Antibiotics may raise risk for inflammatory bowel disease in older adults, study finds

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Antibiotic use may increase the risk for inflammatory bowel disease, according to a new study. File photo by Feng Yu/Shutterstock

The risk for inflammatory bowel disease among adults age 60 and older rises with the number of antibiotics they are prescribed, a study presented Friday found.

After receiving one antibiotic prescription, older adults are 27% more likely than those with no antibiotic use within the past five years to be diagnosed with inflammatory bowel disease, or IBD, data presented during the Digestive Disease Week annual conference showed.

Those who have been prescribed antibiotics twice have a 55% higher IBD risk, while those given the drugs used to treat infections three times have a 67% higher risk. After four prescribed antibiotic courses, IBD risk increases by 96%, while it rises 236% after five courses, researchers said.

However, “if patients are coming in with clear infections, and they need antibiotics, they should not be withheld because of these findings,” study co-author Dr. Adam S. Faye said in a press release.

“Avoiding antibiotics at all costs is not the right answer,” said Faye, an assistant professor of medicine and population health at NYU Grossman School of Medicine in New York City.

IBD actually is a group of diseases that includes Crohn’s disease and ulcerative colitis, according to the Centers for Disease Control and Prevention.

All of the IBD diseases are caused by chronic inflammation of the gastrointestinal tract that leads to damage, resulting in pain and discomfort, the agency says.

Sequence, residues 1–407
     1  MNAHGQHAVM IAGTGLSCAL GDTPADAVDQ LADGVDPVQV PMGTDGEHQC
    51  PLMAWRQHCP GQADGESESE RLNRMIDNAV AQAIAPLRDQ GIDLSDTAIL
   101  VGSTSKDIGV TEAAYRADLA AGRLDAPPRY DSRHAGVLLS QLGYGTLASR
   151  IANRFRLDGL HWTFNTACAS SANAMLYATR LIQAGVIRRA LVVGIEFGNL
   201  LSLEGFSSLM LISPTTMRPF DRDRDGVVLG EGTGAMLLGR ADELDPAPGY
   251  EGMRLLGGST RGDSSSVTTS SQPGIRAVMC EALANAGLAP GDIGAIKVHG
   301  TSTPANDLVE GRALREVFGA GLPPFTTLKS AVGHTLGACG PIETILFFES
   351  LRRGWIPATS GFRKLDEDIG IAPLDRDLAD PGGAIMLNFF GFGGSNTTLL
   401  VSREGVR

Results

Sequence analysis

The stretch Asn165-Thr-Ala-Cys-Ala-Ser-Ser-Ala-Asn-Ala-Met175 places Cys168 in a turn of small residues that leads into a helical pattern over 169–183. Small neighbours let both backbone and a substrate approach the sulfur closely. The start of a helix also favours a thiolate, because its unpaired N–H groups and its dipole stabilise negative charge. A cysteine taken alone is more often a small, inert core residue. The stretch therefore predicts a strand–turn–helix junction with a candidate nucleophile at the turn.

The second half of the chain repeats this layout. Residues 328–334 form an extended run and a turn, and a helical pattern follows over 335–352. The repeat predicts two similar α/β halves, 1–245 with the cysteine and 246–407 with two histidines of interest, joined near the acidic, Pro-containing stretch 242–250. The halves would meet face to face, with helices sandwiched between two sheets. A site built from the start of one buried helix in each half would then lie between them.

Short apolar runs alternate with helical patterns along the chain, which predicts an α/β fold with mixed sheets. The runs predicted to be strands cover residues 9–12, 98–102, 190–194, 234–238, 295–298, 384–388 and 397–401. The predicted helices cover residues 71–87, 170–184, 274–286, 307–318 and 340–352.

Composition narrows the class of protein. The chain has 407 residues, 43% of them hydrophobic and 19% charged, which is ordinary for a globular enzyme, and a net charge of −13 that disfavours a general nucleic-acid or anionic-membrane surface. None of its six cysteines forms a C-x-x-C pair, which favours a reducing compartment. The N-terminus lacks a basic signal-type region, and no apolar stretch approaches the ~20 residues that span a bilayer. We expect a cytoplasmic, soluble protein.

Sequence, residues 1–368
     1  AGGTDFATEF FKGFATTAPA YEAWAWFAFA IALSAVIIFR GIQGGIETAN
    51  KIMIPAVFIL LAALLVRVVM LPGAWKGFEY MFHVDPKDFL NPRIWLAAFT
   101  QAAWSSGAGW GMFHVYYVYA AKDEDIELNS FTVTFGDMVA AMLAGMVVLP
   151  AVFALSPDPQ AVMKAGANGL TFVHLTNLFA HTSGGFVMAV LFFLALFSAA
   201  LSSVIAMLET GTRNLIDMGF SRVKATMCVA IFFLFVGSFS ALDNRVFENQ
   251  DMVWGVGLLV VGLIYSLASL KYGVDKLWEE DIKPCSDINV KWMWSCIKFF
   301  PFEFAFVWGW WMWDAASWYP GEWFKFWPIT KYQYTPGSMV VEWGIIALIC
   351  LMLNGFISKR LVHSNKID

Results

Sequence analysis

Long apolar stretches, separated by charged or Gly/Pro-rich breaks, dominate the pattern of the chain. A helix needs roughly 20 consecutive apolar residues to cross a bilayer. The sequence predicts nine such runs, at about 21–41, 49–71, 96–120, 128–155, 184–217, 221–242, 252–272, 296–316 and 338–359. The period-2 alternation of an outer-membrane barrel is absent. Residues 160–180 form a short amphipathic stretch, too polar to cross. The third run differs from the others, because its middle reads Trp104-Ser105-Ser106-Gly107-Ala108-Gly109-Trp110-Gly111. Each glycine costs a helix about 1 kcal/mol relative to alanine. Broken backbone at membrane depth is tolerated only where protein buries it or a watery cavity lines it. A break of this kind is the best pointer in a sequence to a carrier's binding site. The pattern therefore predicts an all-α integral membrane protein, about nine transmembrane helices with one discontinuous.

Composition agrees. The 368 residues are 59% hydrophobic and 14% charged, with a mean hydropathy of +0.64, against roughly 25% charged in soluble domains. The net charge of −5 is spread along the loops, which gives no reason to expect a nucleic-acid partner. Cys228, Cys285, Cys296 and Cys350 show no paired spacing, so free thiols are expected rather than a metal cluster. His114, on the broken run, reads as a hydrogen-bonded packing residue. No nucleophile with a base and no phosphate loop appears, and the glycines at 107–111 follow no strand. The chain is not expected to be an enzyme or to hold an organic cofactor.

About 3 million adults in the United States have been diagnosed with IBD, it estimates.

Most cases of IBD occur in people who have a family history of the disease, but some are attributed to diet and other “environmental” exposures, including drugs used to treat other health conditions, Faye and his colleagues said.

Previous research indicates antibiotics and other drugs may alter the gut microbiome, the bacteria in the gastrointestinal tract that helps the body digest and process food.

“In older adults, we think that environmental factors are more important than genetics,” Faye said.

The findings of this study are based on a review of 2.3 million patient records contained in Denmark’s national health database.

Faye and his colleagues reviewed prescribing records for people age 60 years and older who were newly diagnosed with inflammatory bowel disease between 2000 and 2018.

They also recorded the number of courses of antibiotics prescribed, how recently they had been prescribed in relation to the diagnosis and specific classes of antibiotics used, they said.

New IBD diagnoses were highest among study participants when antibiotics were prescribed one to two years before, but the risk remained elevated for prescriptions in the period two to five years before diagnosis, the data showed.

Antibiotics usually prescribed for gastrointestinal infections were the most likely to be associated with a new IBD diagnosis, the researchers said.

Based on the findings, older adults with new gastroenterological symptoms should be evaluated for IBD in they have a history of recent antibiotic prescriptions, they said.

“When you look at younger patients with new diagnoses of Crohn’s disease and ulcerative colitis, there’s generally a strong family history,” Faye said.

“But that is not the case in older adults, so it’s really something in the environment that is triggering it,” he said.

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